For the next issue of The Scattered Pelican, we invite all graduate students in Comparative Literature or related fields to submit article-length contributions exploring the theme of the 20th Annual Graduate Student Conference of the Comparative Literature, Hispanic Studies and Theory & Criticism, which recently took place at Western University: Matter(s) of Fact.
journals and collections of essays
Call for Chapters: “Being Dragonborn: Critical Essays on The Elder Scrolls V: Skyrim” (edited collection)
Transcultural Encounters: Italian Americans and Greek Americans
We seek intelligent critical articles written in a clear, readable style that offer our readers thoughtful, useful, pedagogically sound, and innovative ideas for teaching American literature. We are also interested in articles about new American authors or lesser known authors who haven't seen much study, particularly in ways that they could add to students' experiences of American literature. All articles go through a blind peer review process with editorial staff making all final publishing decisions.
Call for papers for the special issue: “Translating and Interpreting Linguistic and Cultural Differences in a Migrant Era”
The next monographic issue of the I-LanD Journal will be centred on exploring the role which translation and interpreting play as activities which potentially foster the recognition or misrecognition of, amongst others, sexual, ethnic, racial and class differences in an era of great waves of migrations, and will be edited by Eleonora Federici (University L'Orientale, Naples), and Rosario Martín Ruano and África Vidal Claramonte (University of Salamanca). Contributions should adhere to any of the following:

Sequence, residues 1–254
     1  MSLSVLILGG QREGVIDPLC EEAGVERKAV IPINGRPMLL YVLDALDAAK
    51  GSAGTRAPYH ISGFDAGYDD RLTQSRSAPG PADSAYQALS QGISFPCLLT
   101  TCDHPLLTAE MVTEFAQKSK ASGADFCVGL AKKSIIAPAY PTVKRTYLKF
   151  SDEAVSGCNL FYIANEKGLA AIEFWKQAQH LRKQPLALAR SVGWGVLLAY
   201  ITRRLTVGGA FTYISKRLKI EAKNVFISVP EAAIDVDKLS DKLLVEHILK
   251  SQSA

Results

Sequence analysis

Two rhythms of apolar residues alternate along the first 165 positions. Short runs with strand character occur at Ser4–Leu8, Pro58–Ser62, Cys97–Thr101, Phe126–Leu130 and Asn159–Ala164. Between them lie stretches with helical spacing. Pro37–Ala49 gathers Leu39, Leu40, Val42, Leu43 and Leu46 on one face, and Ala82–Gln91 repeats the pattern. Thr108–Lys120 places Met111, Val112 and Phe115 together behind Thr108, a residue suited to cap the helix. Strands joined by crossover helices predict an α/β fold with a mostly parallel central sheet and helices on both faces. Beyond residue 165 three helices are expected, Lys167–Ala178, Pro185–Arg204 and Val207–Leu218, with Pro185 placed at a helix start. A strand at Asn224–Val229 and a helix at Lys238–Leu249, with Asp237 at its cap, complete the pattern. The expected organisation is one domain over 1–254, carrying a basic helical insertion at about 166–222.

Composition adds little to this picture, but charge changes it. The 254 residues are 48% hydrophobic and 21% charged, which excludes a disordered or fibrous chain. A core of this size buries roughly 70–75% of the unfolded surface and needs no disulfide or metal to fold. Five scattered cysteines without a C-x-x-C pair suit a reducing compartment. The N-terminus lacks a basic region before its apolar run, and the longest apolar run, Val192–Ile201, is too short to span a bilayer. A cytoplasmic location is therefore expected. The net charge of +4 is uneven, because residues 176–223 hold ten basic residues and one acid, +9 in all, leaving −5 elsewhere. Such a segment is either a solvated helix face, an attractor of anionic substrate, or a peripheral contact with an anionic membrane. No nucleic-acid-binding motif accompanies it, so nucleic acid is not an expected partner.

Translating gender and sexualities;
Translation and interpreting as cultural mediation;
Contributions are now being accepted for a new edited book titled ‘Capture Japan: Visual Culture and the Global Imagination from 1952 to the Present’. The book aims to analyse, deconstruct and challenge representations of Japan in a variety of different visual media such as cinema, documentary film, photography, visual art, anime, manga, comics, television or advertising. Through a series of case studies by an international group of experts in the field, the book will highlight the institutional framework that has allowed certain types of images of Japan to be promoted, while others have been suppressed.
Recent critical focus on media and technology maps efforts to create a dynamic classroom that at its best enriches the teaching and learning at the university. But the long-standing interest in media as a means to reach students and enhance delivery also points to an absence in current scholarship, which has not been attentive to that same media as content in the humanities classroom.
Essays are invited for a forthcoming special issue of the CR on American literary naturalism in a global context. As Christopher Hill has argued in “The Travels of Naturalism and the Challenges of a World Literary History,” the history of nineteenth-century naturalist fiction points to disorderly patterns of circulation that suggest “multiple, overlapping histories, together forming a heterogeneous history on the scale of the planet.” Using the concept of “travel” as his point of reference, Hill sees naturalism as a paradigm for thinking about transnational literary, cultural, and economic transformations.